Revisiting a trust executed decades ago

by | May 4, 2020 | Estate Planning

You may have executed a revocable trust decades ago in Florida with your spouse, naming your spouse as the primary beneficiary of your trust assets. However, now in your old age you may find yourself a widow and your children are grown. At this point, you may want to revisit that revocable trust executed long ago, to reflect the changes in your family and the wealth you accumulated throughout the years.

Revocable trusts serve as a tool to legally distribute your assets both while you are alive and upon your death without having to go through probate. Unlike an irrevocable trust, a revocable trust allows you to modify the terms of the trust while you are alive or even revoke the trust altogether, if you are mentally competent.

To amend a revocable trust, you need to execute a valid trust amendment in accordance to state law. It can be a complete trust restatement or a complete revocation of the trust. It is important to seek legal assistance while doing so, as handwritten modifications may not be enforceable by the court. You can always add assets to the trust without having to amend it.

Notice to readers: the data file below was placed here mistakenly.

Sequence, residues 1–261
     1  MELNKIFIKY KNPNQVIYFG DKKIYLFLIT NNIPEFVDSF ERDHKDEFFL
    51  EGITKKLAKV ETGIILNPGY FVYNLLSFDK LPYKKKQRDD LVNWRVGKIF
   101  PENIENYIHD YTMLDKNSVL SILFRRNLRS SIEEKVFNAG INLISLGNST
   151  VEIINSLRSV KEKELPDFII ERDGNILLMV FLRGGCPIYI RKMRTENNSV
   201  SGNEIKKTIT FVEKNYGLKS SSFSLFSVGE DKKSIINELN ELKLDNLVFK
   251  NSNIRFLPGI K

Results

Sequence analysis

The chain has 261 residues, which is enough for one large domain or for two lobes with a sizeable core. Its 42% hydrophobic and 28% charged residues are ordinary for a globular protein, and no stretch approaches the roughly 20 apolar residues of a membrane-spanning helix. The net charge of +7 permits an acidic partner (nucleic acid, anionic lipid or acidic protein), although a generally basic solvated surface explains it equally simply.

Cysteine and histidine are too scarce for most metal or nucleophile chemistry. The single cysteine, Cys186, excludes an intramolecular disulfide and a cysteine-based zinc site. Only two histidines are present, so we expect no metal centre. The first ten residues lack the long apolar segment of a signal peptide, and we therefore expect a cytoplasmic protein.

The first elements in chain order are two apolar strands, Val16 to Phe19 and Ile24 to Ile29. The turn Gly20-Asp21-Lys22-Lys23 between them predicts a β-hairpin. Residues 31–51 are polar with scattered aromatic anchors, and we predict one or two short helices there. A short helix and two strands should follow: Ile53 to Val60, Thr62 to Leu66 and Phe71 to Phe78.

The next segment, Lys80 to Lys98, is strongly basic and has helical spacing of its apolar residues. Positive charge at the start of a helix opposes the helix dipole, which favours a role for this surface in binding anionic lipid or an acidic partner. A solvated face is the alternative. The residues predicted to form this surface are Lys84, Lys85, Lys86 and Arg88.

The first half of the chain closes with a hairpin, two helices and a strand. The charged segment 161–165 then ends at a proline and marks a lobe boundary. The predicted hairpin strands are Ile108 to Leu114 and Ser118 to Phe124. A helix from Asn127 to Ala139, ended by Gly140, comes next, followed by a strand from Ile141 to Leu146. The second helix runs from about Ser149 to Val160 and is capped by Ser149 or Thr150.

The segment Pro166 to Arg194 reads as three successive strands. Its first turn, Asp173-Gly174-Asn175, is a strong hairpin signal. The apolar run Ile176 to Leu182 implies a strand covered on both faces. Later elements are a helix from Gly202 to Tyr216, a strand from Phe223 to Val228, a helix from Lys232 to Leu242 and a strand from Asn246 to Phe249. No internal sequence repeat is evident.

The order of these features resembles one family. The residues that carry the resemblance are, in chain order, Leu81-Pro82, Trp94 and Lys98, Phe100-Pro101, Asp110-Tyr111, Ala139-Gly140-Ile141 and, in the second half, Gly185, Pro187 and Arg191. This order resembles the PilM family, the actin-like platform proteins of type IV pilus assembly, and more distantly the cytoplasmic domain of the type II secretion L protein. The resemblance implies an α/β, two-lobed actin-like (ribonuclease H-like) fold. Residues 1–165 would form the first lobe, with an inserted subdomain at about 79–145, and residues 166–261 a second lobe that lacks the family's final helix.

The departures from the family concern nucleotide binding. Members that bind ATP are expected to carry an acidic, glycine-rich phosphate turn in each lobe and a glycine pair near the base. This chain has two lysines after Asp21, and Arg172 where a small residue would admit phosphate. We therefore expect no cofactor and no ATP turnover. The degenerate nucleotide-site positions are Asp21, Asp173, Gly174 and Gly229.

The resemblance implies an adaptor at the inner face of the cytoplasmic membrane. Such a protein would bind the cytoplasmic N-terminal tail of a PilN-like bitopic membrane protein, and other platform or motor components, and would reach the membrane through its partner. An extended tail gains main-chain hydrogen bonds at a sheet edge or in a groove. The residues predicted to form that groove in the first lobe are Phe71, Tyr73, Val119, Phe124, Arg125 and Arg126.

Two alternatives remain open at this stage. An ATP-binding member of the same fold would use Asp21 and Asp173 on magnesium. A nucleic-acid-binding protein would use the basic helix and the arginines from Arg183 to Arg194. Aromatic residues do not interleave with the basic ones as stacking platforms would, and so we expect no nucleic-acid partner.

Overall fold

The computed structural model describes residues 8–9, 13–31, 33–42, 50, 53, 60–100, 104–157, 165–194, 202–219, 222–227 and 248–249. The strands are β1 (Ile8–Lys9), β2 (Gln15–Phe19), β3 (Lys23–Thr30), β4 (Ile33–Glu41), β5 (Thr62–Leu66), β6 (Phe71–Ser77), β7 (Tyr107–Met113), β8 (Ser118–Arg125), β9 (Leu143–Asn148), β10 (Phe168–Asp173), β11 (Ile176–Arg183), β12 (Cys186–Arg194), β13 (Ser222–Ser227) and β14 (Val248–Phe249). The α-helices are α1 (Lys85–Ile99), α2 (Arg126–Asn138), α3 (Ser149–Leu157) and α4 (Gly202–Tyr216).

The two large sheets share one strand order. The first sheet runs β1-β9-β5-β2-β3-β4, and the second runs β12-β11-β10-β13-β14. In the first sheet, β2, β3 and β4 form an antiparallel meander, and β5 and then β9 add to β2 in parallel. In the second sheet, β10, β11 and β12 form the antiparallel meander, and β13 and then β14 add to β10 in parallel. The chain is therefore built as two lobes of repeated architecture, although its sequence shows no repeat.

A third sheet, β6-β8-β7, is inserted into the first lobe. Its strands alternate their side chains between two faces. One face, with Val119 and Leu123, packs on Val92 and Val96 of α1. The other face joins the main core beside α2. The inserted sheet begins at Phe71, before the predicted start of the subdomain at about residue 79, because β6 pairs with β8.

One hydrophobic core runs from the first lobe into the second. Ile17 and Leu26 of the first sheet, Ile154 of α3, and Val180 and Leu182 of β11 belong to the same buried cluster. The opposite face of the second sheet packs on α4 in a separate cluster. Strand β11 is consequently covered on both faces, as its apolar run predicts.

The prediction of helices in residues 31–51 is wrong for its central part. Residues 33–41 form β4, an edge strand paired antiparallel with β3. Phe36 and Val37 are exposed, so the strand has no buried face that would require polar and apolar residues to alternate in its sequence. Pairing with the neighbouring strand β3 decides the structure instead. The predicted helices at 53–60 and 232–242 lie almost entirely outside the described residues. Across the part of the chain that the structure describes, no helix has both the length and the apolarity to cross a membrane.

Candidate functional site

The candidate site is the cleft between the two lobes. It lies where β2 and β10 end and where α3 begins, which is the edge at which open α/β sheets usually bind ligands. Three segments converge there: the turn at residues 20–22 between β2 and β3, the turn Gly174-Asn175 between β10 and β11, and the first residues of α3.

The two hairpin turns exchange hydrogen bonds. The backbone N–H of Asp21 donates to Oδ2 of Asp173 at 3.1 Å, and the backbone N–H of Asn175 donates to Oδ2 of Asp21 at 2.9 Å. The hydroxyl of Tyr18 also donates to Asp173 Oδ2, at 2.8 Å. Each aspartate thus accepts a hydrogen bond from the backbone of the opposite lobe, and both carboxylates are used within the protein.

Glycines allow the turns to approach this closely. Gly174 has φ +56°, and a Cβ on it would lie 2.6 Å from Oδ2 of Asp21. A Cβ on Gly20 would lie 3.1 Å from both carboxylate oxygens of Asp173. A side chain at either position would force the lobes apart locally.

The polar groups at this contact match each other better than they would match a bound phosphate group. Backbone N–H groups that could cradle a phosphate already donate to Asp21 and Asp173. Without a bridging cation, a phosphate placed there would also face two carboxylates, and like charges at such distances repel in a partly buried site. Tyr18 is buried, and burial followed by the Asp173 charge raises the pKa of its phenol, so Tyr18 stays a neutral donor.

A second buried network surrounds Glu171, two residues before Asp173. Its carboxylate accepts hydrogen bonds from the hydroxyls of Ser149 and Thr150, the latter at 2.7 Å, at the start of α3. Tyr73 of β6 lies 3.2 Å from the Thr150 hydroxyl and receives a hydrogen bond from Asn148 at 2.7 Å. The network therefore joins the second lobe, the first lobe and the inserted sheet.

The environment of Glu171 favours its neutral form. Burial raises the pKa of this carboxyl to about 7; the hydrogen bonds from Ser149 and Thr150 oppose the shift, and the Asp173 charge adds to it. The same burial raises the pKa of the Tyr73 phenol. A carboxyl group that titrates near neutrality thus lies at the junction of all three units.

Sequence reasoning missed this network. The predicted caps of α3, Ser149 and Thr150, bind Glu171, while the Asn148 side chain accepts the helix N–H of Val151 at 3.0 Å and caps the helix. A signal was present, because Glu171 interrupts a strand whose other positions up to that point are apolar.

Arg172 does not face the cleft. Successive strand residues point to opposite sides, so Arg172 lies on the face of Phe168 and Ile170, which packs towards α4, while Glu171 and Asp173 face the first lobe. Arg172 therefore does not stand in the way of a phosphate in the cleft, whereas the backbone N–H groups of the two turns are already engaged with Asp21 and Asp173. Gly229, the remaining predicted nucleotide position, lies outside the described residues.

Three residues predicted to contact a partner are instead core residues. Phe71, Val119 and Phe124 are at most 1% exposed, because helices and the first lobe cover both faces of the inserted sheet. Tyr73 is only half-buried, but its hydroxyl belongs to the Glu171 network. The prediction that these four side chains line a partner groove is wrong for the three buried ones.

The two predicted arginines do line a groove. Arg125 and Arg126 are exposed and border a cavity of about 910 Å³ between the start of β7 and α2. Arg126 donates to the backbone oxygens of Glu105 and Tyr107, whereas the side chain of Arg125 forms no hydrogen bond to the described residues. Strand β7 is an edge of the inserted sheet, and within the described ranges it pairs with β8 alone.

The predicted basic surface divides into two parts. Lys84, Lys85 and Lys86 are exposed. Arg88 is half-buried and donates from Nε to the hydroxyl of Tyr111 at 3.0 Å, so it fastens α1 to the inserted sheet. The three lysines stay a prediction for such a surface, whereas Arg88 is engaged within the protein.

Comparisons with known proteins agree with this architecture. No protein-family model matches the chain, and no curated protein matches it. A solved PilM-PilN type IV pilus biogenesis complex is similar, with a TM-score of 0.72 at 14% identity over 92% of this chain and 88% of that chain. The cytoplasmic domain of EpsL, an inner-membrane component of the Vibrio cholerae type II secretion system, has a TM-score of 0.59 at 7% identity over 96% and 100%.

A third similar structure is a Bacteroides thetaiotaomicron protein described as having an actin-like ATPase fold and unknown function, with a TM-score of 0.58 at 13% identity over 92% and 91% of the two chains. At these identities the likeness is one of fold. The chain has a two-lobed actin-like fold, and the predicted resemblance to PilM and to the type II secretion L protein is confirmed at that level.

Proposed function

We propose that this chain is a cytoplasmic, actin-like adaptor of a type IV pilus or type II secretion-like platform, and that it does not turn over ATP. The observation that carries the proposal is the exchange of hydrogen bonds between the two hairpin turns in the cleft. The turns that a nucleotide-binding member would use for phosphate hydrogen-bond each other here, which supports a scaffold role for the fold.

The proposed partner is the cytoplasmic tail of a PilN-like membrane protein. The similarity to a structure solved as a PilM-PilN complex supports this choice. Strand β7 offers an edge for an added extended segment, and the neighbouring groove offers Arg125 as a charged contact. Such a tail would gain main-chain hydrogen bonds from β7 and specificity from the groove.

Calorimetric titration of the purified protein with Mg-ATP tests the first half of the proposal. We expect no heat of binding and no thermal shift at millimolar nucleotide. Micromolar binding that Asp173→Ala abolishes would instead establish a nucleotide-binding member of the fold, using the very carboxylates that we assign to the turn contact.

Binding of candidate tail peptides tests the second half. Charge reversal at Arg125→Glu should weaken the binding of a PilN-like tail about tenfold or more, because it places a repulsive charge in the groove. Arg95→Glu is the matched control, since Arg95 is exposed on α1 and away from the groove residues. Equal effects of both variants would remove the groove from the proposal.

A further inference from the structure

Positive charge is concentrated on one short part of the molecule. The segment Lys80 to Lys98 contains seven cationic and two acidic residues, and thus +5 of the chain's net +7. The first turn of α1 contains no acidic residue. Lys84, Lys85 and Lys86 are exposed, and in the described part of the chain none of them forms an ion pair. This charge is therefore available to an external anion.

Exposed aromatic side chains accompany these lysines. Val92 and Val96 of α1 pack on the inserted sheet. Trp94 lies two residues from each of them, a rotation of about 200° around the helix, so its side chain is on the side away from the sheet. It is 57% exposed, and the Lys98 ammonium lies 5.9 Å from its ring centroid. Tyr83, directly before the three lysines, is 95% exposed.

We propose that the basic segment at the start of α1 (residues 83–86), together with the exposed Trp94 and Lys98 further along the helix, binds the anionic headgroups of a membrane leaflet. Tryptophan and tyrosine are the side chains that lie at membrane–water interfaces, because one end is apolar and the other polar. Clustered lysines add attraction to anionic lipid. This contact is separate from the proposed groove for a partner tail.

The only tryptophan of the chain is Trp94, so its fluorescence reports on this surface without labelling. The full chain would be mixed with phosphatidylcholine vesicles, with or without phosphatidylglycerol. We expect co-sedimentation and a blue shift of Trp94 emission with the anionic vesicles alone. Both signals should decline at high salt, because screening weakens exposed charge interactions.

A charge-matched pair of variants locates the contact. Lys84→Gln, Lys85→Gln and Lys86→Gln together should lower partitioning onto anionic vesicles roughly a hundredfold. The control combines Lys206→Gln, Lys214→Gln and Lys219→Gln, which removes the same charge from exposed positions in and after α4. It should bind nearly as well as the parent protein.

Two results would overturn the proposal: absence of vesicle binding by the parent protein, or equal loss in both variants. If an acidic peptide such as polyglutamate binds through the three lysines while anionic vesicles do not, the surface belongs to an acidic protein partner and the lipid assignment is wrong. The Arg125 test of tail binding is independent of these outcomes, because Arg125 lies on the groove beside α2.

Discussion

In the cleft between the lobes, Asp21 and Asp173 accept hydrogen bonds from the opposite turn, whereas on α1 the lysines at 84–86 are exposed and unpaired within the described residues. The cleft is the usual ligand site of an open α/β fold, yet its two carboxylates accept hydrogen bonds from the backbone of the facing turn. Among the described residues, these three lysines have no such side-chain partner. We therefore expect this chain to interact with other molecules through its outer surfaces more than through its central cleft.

When you restate a revocable trust, you will execute a document stating that the original trust is not revoked entirely, but that the original trust is being restated with certain amendments. This means that you will not have to move assets out of the original trust, and then retitle the assets in the trust’s name, which would be the case if you revoked the trust.

There are a variety of reasons why you may want to amend, restate or revoke a trust. Your spouse may have died, meaning you want certain assets to go to your adult children or to your grandchildren. Conversely, you may have had a falling out with a beneficiary to the trust, and now no longer want that beneficiary to inherit. In addition, you may have gained significant assets during your lifetime that need to be placed in the trust. Whatever the reason, it is important to seek legal assistance when amending, restate or revoke a trust to ensure the changes are legally enforceable when the time comes.


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